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Old January 15, 2022, 05:38 PM   #2
Scorch
Senior Member
 
Join Date: February 13, 2006
Location: Washington state
Posts: 14,973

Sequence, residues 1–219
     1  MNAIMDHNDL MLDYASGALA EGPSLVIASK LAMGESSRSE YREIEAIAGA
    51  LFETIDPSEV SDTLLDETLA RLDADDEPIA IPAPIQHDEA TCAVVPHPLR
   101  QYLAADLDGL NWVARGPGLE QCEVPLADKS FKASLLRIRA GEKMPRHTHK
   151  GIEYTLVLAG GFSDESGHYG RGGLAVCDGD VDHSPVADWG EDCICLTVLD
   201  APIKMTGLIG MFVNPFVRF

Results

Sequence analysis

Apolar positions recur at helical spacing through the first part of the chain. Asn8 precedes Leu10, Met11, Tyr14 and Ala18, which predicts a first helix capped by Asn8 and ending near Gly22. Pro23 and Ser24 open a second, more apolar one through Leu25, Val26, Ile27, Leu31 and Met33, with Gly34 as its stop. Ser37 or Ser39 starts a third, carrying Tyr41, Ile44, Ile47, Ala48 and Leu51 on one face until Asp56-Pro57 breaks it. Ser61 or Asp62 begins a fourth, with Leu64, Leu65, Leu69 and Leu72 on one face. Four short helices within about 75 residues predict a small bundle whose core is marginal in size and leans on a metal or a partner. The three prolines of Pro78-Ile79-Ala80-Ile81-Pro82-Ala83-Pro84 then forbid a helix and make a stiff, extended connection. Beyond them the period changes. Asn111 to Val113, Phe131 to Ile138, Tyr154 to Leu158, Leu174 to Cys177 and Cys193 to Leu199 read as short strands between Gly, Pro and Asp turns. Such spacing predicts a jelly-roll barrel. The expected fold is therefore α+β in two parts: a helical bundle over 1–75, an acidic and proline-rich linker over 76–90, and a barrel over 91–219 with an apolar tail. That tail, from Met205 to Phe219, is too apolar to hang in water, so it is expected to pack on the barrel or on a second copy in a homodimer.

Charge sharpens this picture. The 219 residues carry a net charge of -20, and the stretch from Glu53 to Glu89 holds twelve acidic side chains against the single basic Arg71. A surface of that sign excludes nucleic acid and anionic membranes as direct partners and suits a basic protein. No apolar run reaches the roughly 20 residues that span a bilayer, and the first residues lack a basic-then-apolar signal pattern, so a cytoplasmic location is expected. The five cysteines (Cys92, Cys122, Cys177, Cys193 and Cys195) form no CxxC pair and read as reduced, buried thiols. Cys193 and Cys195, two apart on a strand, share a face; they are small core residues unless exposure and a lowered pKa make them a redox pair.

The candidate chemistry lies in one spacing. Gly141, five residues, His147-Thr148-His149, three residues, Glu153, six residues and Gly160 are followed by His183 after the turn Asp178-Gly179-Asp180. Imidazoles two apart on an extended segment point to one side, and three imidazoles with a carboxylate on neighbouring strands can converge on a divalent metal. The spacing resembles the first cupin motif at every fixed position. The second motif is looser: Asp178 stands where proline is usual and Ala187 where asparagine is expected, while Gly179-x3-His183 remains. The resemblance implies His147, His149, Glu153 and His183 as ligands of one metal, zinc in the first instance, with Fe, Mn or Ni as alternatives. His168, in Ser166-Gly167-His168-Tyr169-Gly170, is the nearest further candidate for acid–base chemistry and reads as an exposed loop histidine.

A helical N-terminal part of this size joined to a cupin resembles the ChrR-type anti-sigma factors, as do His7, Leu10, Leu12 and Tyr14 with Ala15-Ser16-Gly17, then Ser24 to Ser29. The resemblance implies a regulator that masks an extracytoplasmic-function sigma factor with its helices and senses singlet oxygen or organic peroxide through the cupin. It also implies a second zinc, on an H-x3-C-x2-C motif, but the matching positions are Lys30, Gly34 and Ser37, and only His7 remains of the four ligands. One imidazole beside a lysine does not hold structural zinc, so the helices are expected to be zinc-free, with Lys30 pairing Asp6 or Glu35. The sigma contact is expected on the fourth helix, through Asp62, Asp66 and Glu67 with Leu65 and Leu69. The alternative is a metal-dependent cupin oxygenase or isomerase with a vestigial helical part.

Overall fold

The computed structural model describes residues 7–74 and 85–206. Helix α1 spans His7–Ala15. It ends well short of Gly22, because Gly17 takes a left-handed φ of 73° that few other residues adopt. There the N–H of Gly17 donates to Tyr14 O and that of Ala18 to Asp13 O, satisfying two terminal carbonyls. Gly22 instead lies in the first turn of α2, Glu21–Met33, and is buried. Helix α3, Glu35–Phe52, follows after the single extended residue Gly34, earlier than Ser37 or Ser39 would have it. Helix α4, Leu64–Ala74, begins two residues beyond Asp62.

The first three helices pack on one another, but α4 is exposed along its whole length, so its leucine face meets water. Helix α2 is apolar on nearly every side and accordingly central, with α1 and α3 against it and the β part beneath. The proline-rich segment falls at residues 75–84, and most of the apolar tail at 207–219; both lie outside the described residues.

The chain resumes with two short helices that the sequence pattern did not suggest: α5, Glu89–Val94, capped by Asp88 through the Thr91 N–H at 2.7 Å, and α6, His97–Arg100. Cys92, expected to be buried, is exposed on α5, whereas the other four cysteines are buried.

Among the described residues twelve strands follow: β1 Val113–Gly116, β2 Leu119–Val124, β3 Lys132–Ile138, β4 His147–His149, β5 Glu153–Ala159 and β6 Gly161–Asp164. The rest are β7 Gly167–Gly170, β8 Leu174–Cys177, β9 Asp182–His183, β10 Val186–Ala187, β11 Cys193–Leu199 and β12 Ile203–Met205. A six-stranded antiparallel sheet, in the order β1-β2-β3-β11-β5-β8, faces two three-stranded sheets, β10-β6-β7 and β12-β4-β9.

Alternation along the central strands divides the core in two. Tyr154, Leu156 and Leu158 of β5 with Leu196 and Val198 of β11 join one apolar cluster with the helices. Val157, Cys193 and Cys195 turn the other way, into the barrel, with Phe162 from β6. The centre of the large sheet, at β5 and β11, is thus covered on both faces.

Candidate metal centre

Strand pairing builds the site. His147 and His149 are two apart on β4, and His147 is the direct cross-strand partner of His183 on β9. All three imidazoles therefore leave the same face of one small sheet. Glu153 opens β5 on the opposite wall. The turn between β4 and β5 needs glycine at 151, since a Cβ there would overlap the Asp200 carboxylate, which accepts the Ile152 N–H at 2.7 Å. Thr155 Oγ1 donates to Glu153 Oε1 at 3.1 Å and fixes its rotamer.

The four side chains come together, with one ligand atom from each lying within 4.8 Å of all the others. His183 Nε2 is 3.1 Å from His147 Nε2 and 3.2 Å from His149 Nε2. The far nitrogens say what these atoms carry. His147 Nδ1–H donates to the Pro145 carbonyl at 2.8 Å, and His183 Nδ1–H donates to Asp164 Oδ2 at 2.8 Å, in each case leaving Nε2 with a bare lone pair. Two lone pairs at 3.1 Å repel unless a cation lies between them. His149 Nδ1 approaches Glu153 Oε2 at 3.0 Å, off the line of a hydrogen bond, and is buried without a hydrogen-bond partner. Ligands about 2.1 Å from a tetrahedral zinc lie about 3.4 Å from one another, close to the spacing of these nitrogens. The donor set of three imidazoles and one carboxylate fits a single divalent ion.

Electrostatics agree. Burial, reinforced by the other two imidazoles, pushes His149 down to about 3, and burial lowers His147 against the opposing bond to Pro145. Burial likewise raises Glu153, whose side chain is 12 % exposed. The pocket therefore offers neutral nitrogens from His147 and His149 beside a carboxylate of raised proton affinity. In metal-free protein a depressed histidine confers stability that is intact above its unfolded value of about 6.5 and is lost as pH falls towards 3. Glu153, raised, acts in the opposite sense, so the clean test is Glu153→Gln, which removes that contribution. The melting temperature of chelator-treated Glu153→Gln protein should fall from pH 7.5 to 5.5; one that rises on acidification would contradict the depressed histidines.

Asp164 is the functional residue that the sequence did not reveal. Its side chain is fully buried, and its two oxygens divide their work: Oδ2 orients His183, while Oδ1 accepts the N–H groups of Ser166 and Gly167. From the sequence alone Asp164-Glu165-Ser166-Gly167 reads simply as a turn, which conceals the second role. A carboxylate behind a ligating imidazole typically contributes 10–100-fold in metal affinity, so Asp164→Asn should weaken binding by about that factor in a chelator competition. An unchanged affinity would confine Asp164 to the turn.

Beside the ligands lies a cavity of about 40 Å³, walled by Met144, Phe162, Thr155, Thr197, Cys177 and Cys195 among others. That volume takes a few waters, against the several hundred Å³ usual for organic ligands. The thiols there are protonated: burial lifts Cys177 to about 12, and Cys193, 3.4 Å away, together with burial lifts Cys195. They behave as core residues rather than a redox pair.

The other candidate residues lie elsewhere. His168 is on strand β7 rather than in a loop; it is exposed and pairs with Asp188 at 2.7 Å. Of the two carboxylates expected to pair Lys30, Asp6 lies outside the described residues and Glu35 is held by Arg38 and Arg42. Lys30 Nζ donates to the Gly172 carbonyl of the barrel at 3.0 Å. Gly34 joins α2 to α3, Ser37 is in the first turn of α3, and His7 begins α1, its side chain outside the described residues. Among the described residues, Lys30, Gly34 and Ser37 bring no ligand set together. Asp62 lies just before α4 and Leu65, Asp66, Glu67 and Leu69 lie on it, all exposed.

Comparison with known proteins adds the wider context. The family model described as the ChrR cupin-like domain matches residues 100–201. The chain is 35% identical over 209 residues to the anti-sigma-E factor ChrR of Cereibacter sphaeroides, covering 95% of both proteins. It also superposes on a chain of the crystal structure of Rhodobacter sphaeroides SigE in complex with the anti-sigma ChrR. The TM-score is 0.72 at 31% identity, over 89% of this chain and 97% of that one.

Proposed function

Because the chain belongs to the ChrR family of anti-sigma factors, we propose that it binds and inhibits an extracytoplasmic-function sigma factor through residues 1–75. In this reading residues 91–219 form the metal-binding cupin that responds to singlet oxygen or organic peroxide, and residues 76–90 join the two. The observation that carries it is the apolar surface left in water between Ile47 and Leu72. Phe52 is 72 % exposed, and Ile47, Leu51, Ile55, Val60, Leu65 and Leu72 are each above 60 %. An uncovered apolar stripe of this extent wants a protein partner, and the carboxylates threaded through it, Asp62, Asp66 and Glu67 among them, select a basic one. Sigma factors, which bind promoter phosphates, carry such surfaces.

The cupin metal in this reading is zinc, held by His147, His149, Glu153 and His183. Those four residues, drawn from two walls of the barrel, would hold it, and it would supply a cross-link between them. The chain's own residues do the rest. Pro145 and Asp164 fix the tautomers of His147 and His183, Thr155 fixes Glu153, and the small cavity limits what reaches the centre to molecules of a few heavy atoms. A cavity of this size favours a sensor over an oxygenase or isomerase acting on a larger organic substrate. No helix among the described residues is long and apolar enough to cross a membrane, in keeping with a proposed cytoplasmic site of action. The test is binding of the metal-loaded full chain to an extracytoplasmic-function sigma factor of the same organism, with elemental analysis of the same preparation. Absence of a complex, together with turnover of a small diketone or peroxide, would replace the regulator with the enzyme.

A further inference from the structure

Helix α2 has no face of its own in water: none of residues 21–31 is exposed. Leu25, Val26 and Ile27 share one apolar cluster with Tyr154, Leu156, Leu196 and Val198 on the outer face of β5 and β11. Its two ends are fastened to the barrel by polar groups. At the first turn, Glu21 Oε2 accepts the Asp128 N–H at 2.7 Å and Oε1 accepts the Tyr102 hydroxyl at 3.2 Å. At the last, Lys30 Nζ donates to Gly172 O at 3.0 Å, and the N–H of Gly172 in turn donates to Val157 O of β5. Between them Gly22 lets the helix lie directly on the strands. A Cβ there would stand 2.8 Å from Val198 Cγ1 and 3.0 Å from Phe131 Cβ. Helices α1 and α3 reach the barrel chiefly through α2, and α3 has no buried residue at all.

The biggest problem with tuning semi-auto pistols in general is that the heavy moving parts (slide assembly) can and will jostle the trigger and cause the gun to fire if trigger pull is too low. Think of it like this: as the slide moves back under recoil it loads the recoil spring. As the recoil spring slams the slide back forward and locks the breech, it also accelerates the frame forward. Accelerating the frame forward causes the trigger to pull itself (the trigger wants to remain stationary as the frame moves forward because of the 1st law of physics). If there is insufficient sear engagement or insufficient trigger spring pressure, the gun will fire. Typical hobby gunsmiths think lighter trigger pull is better and they tamper with things they don't understand. I see a lot of "trigger jobs" which are nothing more than bending the trigger return and sear legs on the 3-fingered sear spring, with predictable results. So, when I do a trigger job on a semi-auto pistol I have to make sure these things are taken into account so you don't have doubling, hammer follow-down, or just flat out full auto (a 1911 emptying the magazine all at once is quite a rush).
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